Who no doubt assumed, correctly, that if any Democrat brought it up, the Very Serious Media Villagers would’ve been calling for the whole party to be banned from the ballot.

Steele’s dealings with the FBI on Trump, initially with the senior agent who had started the FIFA probe and then moved to a post in Europe, began in July. However, Steele cut off contact with the FBI about a month before the Nov. 8 election because he was frustrated by the bureau’s slow progress.

The FBI opened preliminary investigations into Trump and his entourage’s dealings with Russians that were based in part on Steele’s reports, according to people familiar with the inquiries.

However, they said the bureau shifted into low gear in the weeks before the election to avoid interfering in the vote…

Unless such interference could kneecap the Hell-Beast Hillary, of course.

Ah, well, hope springs eternal…



Dreaming of impossible dreams and guaranteed disappointment

The Wall Street Journal has a good quote on what Americans say they want for healthcare and what has to happen for that to happen:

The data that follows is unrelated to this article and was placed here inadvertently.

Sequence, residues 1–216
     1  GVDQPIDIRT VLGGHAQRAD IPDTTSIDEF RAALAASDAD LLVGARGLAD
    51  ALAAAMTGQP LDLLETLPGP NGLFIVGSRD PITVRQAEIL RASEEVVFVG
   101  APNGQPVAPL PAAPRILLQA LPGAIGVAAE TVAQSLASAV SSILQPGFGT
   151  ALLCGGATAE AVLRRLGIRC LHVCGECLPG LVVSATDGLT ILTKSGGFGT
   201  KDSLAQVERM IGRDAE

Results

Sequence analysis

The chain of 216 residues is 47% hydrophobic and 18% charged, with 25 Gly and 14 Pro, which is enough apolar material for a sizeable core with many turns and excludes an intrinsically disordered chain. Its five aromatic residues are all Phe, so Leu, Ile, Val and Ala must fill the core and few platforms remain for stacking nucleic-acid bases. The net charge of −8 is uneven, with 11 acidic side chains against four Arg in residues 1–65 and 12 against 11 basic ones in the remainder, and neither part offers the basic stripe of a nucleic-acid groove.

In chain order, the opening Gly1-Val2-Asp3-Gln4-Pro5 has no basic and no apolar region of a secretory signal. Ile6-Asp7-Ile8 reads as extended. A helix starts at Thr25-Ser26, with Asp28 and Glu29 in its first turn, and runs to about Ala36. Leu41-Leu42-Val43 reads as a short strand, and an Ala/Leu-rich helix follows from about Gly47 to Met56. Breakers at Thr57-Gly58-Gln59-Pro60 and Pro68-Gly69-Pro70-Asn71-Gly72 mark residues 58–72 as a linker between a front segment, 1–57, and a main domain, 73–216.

Cheap insurance means either very little gets covered or the people who need a lot of coverage can’t get insured. Covering sick people means either massive subsidies (public or private) from the healthy to the sick and restricting the size of those subsidies means limiting choices.  Democrats got hammered for choosing to cover sick people via either Medicaid expansion or through subsidized private sector insurance with a coercive participation mechanism.  Republicans will get hammered for telling people to go die quietly in the corner and here’s a tax deduction that only matters if you’re healthy and wealthy.

This is the core problem of health policy.  There are no pure win-win solutions for the healthy and the sick at the same time.



Evidence based care in Medicaid

We want to do evidence based care.  We want to do things that work and avoid things that don’t work.  This sounds simple.  Let’s look at two very good natural experiments on unintended pregnancy rates:

Colorado:

    Since 2008, Colorado has successfully increased access to family planning services throughout the state, particularly for the most effective contraceptive methods, such as intrauterine devices (IUDs) and implants.

  • The Colorado Family Planning Initiative has increased health care provider education and training and reduced costs for more expensive contraceptive options, enabling more than 30,000 women in the state to choose long-acting reversible contraception….
  • When contraception, particularly the long-acting methods, became more readily available in Colorado between 2009 and 2013, the abortion rate fell 42 percent among all women ages 15 to 19 and 18 percent among women ages 20 to 24.